Mechanical milling is a method for preparing and reshaping metals without the use of heat or chemicals. Its function is to remove metal from a workpiece by using a cutter where the metal has a flat, rough, or irregular surface, and the workpiece is fed into the cutter. Mechanical milling requires a high powered motor to rotate the cutter to break down the structure of the workpiece. The size of the cutter and speed vary depending on the type of machine. Most mechanical milling equipment weighs several tons and is designed for heavy duty operation. They have been a major part of manufacturing and product production since the industrial revolution.
Hydraulic milling machines use the force of hydraulic power to compress the workpiece onto the die. This form of milling is widely used because of its accuracy and cost effectiveness. Pressure applied to the die is more uniform than produced by mechanical milling machines. In many cases, the hydraulic milling machine’s process is referred to as stamping since the workpiece is stamped into the mold or die. The workpiece is fed into the machine and aligned with the die where pressure is applied. The amount of pressure and speed can be adjusted to fit the type of metal. As with all milling equipment, hydraulic machines come in several sizes to fit the type of manufacturing.
Until recently, the only way to increase tonnage on a press was to build a bigger press with a larger motor or flywheel, an expensive process. Press designing engineers decided to build a better press by removing the motor, flywheel, and clutch and replacing them with a servo motor focused on needed energy.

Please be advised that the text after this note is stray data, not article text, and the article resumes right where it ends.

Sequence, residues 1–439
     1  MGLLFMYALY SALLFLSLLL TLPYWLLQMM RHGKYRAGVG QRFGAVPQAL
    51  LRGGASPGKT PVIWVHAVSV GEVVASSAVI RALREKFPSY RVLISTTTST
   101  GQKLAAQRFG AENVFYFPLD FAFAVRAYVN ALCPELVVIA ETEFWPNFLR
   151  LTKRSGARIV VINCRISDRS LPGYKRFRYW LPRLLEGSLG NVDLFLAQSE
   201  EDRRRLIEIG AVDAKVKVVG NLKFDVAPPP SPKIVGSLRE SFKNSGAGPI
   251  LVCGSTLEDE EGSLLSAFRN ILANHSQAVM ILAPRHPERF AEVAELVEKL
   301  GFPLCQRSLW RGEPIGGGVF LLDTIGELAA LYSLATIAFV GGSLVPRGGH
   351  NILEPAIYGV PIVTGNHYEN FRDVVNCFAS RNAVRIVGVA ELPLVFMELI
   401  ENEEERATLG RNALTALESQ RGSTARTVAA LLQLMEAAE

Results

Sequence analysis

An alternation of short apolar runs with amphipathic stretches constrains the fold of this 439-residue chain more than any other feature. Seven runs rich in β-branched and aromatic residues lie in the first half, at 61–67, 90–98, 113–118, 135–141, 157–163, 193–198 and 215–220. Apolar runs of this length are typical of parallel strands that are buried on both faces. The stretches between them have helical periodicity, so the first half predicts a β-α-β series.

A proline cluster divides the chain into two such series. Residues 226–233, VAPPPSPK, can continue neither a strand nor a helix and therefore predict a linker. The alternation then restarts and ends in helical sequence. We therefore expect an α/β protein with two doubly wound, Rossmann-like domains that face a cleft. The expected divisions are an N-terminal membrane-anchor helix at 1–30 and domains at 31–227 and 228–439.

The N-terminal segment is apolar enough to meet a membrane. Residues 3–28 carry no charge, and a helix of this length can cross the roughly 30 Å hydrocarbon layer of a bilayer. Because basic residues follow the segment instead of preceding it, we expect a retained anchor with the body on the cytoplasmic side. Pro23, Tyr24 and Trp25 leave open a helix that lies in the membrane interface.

Servo presses offer more flexibility for setting the stroke and slide position, which opens several possibilities. By replacing a flywheel with a servo motor, torque can be delivered by the use of a controlled and programmable system to set the speed making it possible to match velocity, dwell, and stroke depending on the application.
Using high capacity motors, mechanical servo presses can create complicated stampings at a faster rate than hydraulic presses and are powered by a link-assisted drive system or a direct drive one. Of the three types of presses listed, the mechanical servo press is the newest and most expensive. Regardless of the drawback of cost, several manufacturers have installed mechanical servo presses and have found them to be more efficient and cost effective.
What are Stamping Dies?
Stamping dies are precision tools specially designed to cut and form metal sheets into a specific shape or profile. Dies are made from hardened steel called tool steel, a variety of high-hardness and abrasion resistant steel. Included in a die can be cutting and forming sections made from other metals that are hard and wear resistant. Dies for metal stamping can be either single-station or multiple-station.
Dies used for single station operations can be compound or combination . Both perform multiple operations in a single function. The main difference between them is their design and the type of stamping they do where a compound die mainly cuts and a combination die does both cutting and non-cutting processes.